Wanted Café: gazpacho and summer salad

Desserts at Wanted Café: citron crumble with spiced ice cream, and tapioca with coconut sorbet and pineapple

Restaurant du Musée d’Orsay, 1 Rue de la Légion d’Honneur

Restaurant Musée d’Orsay: entrecôte

Musée d’Orsay: ravioli

Merci Jerome, 12 Quai de la Mégisserie

Merci Jerome’s ready-to-eat options

Merci Jerome’s dessert options

Le diner (Dinner)

Le Sanglier Bleu, 102 Bd de Clichy

Entrée at Le Sanglier Bleu: multicolored tomatoes with feta and basil sorbet

Le Sanglier Bleu, main plate: sea bream with sautéed vegetables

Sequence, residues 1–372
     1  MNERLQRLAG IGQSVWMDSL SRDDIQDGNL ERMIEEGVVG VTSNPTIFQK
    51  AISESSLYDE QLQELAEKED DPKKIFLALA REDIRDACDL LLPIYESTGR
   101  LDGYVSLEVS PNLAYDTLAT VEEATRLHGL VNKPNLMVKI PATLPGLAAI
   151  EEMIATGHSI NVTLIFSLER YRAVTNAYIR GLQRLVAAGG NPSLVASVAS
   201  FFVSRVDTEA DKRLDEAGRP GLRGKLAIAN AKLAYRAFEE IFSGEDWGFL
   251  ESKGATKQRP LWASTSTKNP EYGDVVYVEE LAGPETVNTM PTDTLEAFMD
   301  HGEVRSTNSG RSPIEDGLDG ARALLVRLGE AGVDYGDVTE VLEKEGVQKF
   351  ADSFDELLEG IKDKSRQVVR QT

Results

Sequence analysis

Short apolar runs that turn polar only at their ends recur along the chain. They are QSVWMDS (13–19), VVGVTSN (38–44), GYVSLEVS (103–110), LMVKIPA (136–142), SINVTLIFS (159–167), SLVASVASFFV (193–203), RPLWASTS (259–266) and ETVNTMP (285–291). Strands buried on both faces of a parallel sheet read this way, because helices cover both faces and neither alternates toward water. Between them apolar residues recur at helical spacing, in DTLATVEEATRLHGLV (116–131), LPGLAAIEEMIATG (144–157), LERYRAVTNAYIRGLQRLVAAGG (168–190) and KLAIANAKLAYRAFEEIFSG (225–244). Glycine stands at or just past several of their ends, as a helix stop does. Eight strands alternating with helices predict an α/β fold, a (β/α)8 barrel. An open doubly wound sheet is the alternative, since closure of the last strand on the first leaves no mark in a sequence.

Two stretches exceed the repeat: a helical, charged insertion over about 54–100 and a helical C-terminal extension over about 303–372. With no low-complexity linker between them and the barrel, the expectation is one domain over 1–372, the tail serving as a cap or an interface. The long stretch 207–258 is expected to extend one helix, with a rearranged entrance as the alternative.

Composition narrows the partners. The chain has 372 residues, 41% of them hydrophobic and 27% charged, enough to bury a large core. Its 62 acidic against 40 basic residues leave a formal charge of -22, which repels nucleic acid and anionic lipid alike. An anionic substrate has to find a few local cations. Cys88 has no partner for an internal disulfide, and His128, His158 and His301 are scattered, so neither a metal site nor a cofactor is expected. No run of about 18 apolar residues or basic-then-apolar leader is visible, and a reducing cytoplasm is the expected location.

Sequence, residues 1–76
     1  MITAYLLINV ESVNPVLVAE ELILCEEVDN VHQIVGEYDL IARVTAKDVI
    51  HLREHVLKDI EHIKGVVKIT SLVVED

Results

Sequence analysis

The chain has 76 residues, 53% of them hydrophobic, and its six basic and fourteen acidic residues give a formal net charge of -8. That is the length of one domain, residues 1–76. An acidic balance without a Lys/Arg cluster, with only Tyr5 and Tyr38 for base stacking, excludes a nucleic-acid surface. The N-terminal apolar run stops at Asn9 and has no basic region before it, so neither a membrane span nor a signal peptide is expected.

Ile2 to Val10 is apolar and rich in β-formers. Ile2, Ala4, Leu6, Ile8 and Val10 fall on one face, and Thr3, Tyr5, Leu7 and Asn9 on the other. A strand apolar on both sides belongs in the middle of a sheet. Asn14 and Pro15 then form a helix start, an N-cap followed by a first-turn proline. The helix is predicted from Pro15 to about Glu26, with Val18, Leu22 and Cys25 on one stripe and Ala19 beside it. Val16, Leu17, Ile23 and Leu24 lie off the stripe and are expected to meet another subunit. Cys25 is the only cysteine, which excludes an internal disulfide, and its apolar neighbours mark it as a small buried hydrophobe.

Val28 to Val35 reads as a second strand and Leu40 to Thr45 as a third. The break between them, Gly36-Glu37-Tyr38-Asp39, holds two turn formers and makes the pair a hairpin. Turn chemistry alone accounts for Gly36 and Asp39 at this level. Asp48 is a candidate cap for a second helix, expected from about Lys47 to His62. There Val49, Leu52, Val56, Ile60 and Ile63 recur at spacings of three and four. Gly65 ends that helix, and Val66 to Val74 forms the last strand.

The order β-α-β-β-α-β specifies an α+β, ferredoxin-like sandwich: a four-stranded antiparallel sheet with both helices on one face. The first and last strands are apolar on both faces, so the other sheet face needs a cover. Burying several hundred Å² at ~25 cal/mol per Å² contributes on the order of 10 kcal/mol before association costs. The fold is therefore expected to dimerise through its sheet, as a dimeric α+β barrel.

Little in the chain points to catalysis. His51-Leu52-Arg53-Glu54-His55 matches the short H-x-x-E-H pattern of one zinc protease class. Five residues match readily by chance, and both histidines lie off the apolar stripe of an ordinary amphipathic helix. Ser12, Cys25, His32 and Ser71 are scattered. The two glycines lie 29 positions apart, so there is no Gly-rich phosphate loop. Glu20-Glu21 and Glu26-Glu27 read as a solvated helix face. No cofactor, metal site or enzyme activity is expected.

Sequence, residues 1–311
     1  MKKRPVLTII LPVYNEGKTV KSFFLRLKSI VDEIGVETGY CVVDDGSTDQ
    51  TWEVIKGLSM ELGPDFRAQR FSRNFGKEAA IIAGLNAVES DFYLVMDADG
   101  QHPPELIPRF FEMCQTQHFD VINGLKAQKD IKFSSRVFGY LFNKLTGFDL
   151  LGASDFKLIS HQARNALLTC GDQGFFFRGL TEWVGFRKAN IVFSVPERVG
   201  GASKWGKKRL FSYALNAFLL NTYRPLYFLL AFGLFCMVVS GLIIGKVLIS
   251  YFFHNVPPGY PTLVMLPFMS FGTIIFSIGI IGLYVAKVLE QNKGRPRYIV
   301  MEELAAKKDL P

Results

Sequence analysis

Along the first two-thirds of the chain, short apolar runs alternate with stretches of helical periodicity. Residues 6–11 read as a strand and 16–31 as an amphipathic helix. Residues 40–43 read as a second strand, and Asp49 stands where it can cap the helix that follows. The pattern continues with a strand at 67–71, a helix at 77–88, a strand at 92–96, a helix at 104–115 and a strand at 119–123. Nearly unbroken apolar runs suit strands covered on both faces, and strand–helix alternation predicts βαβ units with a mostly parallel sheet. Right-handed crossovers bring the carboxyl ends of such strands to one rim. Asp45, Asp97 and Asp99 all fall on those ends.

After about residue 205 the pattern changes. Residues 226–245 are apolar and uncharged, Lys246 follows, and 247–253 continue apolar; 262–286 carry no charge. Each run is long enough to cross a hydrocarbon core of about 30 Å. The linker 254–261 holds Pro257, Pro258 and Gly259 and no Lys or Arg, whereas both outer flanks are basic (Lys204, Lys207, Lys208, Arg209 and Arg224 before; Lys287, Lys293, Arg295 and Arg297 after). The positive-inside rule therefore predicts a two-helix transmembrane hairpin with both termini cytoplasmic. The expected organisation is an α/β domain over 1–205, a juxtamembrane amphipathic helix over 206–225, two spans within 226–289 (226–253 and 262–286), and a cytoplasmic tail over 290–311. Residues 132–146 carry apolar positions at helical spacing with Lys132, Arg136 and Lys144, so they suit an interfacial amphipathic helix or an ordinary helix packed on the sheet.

Le Sanglier Bleu, main plate: risotto with peas and parmesan

Dessert at Le Sanglier Bleu: peaches with white wine gelatin and ice Verveine

Le Sanglier Bleu, dessert: crème brulée with berries

24 Le Restaurant, 24 Rue Jean Mermoz

24 Le Restaurant, entrée: watermelon salad

24 Le Restaurant, main plate: grilled dorado with courgettes

245 Le Restaurant, main plate: dahl with spinach, mushrooms, and sweet potato chips

24 Le Restaurant, dessert: grilled apricots with panna cotta and pistachio cream

24 Le Restaurant, dessert: caramelized apple crumble with lemon cream and apple sorbet

Le Parisien Saint-Martin, 337 Rue Saint-Martin

Le Parisien: tomato and chèvre risotto

Le Parisien: Croque Monsieur with salad and frites

Sights Worth Seeing Again

Everyone who has been to Paris has his or her favorite spots. These were at the top of our must-visit-again list:

Musée d’Orsay